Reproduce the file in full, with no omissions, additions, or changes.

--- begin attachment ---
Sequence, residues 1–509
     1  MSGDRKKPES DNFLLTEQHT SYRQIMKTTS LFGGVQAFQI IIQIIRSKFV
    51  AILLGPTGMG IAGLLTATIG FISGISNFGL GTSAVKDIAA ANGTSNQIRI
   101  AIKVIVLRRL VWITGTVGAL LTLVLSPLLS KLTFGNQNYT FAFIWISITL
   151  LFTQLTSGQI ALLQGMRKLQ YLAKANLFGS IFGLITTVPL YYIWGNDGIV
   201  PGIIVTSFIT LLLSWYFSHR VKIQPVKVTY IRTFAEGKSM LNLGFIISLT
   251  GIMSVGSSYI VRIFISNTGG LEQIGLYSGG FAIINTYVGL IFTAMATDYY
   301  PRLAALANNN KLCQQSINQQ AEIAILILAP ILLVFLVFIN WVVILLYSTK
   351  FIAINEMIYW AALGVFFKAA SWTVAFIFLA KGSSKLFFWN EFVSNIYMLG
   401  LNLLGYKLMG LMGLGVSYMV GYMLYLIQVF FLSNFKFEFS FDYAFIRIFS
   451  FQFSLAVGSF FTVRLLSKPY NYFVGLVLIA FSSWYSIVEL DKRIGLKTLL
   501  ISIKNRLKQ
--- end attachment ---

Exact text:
Sequence, residues 1–509
     1  MSGDRKKPES DNFLLTEQHT SYRQIMKTTS LFGGVQAFQI IIQIIRSKFV
    51  AILLGPTGMG IAGLLTATIG FISGISNFGL GTSAVKDIAA ANGTSNQIRI
   101  AIKVIVLRRL VWITGTVGAL LTLVLSPLLS KLTFGNQNYT FAFIWISITL
   151  LFTQLTSGQI ALLQGMRKLQ YLAKANLFGS IFGLITTVPL YYIWGNDGIV
   201  PGIIVTSFIT LLLSWYFSHR VKIQPVKVTY IRTFAEGKSM LNLGFIISLT
   251  GIMSVGSSYI VRIFISNTGG LEQIGLYSGG FAIINTYVGL IFTAMATDYY
   301  PRLAALANNN KLCQQSINQQ AEIAILILAP ILLVFLVFIN WVVILLYSTK
   351  FIAINEMIYW AALGVFFKAA SWTVAFIFLA KGSSKLFFWN EFVSNIYMLG
   401  LNLLGYKLMG LMGLGVSYMV GYMLYLIQVF FLSNFKFEFS FDYAFIRIFS
   451  FQFSLAVGSF FTVRLLSKPY NYFVGLVLIA FSSWYSIVEL DKRIGLKTLL
   501  ISIKNRLKQ